1978-1981 Kawasaki KZ650SR
Call it the semi-chopper, or maybe the almost-custom
Editor Hall bombs down our favorite local backroad, working the cobwebs out of the KZ650SR.
Years produced: 1978-1981
Claimed power: 62hp @ 8,000rpm
Top speed: 115mph
Engine type: 652cc double-overhead cam, air-cooled inline four
Weight (dry): 493lb (224kg)
MPG: 40-50 (period test)
Price then: $2,395 (1978)
Price now: $1,000-$2,000
Call it the semi-chopper, or maybe the almost-custom. No matter how you slice it, Kawasaki’s KZ650SR was, in many respects, little more than a mildly-altered KZ650. And, believe it or not, that’s what made it great.
By the time 1980 rolled around, “factory specials” were all the rage. They were the perfect motorcycles for riders who wanted something with style and panache, yet weren’t mechanically inclined enough to build their own custom ride.
Like the factory customs offered by a variety of other manufacturers, Kawasaki created the SR by taking a bike they were already building (the KZ650) and dressing it up a bit to turn it into a boulevard cruiser. It was hardly an original idea, and in fact, Kawasaki had already applied the same recipe in 1976 with the KZ900 LTD. But most of these factory specials turned out to be lousy bikes in some regards. They often had uncomfortable seats that were stepped in the wrong spot or that swooped at some unfathomable angle. Most had handlebars that made the bike hard to push around corners, and pint-sized gas tanks that, while shapely, didn’t hold much fuel. Combine these “features” and you were often left with a bike that wasn’t good for riding very fast or very long. But somehow, by some great stroke of luck (or, possibly, real engineering) the SR came away as something stylish and fully rideable. In fact, some of the modifications made in turning the KZ into the SR actually made the bike better.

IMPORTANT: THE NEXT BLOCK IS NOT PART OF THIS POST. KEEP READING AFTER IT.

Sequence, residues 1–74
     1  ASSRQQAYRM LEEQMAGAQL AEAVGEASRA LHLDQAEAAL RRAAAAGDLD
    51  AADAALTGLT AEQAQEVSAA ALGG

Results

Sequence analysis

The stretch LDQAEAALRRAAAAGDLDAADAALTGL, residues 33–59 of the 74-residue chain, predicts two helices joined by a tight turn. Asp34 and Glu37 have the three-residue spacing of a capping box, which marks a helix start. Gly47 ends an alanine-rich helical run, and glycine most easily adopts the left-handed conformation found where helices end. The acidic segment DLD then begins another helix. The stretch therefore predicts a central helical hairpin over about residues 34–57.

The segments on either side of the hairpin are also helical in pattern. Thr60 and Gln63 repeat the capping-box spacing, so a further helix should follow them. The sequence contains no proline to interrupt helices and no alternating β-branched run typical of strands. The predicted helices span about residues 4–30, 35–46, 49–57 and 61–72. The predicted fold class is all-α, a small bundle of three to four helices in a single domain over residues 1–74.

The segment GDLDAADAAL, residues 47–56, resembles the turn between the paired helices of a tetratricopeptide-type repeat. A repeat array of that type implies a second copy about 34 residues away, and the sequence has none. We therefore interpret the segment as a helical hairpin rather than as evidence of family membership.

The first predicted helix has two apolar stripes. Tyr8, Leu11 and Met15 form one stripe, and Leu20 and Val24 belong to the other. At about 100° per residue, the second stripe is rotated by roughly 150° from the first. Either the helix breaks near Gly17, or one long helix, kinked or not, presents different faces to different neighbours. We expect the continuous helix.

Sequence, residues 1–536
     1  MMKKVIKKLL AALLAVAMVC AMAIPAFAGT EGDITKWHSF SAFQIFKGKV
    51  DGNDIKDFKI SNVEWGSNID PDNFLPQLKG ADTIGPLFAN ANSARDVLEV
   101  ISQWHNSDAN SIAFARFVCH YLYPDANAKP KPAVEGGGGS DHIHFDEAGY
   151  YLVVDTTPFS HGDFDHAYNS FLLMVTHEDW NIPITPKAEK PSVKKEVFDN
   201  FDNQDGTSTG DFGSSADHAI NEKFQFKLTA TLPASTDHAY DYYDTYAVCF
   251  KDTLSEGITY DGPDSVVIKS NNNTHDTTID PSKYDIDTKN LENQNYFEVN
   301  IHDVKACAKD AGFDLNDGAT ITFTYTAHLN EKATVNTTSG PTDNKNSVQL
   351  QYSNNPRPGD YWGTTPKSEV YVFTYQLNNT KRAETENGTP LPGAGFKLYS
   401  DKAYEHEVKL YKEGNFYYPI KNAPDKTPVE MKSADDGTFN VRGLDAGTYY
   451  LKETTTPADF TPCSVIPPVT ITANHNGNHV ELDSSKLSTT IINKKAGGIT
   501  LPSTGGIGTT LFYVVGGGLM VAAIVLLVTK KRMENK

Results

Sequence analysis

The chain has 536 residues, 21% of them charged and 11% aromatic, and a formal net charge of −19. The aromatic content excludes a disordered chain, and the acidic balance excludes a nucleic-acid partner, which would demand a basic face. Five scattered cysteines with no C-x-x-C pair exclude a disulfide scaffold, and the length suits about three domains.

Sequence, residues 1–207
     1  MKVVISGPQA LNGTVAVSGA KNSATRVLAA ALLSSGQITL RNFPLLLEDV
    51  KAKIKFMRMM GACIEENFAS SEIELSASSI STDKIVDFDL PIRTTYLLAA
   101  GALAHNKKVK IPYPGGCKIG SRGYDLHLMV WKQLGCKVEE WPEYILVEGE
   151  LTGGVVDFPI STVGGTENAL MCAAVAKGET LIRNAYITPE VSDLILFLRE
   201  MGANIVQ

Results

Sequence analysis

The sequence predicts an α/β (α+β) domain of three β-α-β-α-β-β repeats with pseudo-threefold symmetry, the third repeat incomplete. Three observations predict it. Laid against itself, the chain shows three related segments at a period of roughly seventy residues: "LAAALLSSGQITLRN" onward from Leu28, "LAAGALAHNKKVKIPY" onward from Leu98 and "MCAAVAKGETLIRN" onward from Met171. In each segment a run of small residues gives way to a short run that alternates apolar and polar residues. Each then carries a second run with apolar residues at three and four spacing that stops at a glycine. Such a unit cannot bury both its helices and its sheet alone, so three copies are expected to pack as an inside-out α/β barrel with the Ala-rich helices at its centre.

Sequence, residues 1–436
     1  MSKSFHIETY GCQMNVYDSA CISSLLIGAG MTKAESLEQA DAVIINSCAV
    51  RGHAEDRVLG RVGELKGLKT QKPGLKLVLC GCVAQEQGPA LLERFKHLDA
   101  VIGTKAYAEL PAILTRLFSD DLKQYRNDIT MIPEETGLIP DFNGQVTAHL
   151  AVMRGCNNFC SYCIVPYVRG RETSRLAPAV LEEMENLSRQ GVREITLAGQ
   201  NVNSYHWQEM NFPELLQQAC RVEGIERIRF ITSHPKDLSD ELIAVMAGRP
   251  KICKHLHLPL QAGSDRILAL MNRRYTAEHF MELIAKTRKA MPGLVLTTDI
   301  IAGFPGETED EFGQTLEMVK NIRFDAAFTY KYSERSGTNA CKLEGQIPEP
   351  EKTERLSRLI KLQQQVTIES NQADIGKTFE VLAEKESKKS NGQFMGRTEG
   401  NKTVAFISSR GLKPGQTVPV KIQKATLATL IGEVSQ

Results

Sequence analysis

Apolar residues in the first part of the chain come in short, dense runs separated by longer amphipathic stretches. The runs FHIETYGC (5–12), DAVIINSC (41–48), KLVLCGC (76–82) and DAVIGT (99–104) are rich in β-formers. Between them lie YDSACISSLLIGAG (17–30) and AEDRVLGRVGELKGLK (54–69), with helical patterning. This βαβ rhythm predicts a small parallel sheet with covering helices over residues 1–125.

In converting the KZ to the SR, Kawasaki gave it cast wheels, dual-disc front brakes, a single-disc rear brake, a 4-into-2 exhaust system, a 16in rear wheel (instead of the 18in wheel on the KZ), fatter front and rear tires, a longer, deeper seat, higher handlebars, a smaller, almost coffin-shaped fuel tank, chrome covers for the tachometer and speedometer, a chrome chain guard, and painted fenders instead of chrome. It also received 22mm carbs, down from 24mm.
Ergonomically correct“Straddle the bike on the showroom floor and it feels just right. The bars and seat and pegs put you in a posture that can only be described as Swagger Sitting Down.” That’s what Cycle World had to say when they first threw a leg over the SR in their August 1978 issue. Riding one today, the seating position, though comfortable, feels a bit odd compared with modern motorcycles. The bars are fairly wide with a good amount of pullback, and the thick, flat seat allows a variety of riding positions. The foam on the seat of our test bike was in good condition and it proved a comfortable perch, good for at least a couple of hours riding, if not more, depending on the build of the rider. The pegs are just slightly forward of the seat, offering plenty of room for those long of inseam. At 31.5in the seat height is not as low as some customs of the day, but it’s manageable for most.
Page: 1 | 2
| Next >>